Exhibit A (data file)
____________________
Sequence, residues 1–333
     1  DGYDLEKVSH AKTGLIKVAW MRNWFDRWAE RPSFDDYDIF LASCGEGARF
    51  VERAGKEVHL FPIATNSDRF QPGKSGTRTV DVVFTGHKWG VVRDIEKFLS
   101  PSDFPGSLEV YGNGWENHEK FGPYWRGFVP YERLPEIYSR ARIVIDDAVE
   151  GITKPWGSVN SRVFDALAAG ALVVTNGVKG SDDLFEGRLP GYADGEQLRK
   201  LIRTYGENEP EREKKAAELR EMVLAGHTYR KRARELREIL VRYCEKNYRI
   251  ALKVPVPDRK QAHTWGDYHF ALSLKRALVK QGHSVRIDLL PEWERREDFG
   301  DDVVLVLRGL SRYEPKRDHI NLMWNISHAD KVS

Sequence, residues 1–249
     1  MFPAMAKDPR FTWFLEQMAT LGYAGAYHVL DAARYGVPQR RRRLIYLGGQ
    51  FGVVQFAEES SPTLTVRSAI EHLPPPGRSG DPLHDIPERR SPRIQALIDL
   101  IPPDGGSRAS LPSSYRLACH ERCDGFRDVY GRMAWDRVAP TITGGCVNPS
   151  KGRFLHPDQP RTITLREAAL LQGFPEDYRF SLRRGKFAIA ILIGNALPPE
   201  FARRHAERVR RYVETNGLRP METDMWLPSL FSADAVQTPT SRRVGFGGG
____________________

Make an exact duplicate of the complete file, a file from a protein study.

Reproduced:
Sequence, residues 1–333
     1  DGYDLEKVSH AKTGLIKVAW MRNWFDRWAE RPSFDDYDIF LASCGEGARF
    51  VERAGKEVHL FPIATNSDRF QPGKSGTRTV DVVFTGHKWG VVRDIEKFLS
   101  PSDFPGSLEV YGNGWENHEK FGPYWRGFVP YERLPEIYSR ARIVIDDAVE
   151  GITKPWGSVN SRVFDALAAG ALVVTNGVKG SDDLFEGRLP GYADGEQLRK
   201  LIRTYGENEP EREKKAAELR EMVLAGHTYR KRARELREIL VRYCEKNYRI
   251  ALKVPVPDRK QAHTWGDYHF ALSLKRALVK QGHSVRIDLL PEWERREDFG
   301  DDVVLVLRGL SRYEPKRDHI NLMWNISHAD KVS

Sequence, residues 1–249
     1  MFPAMAKDPR FTWFLEQMAT LGYAGAYHVL DAARYGVPQR RRRLIYLGGQ
    51  FGVVQFAEES SPTLTVRSAI EHLPPPGRSG DPLHDIPERR SPRIQALIDL
   101  IPPDGGSRAS LPSSYRLACH ERCDGFRDVY GRMAWDRVAP TITGGCVNPS
   151  KGRFLHPDQP RTITLREAAL LQGFPEDYRF SLRRGKFAIA ILIGNALPPE
   201  FARRHAERVR RYVETNGLRP METDMWLPSL FSADAVQTPT SRRVGFGGG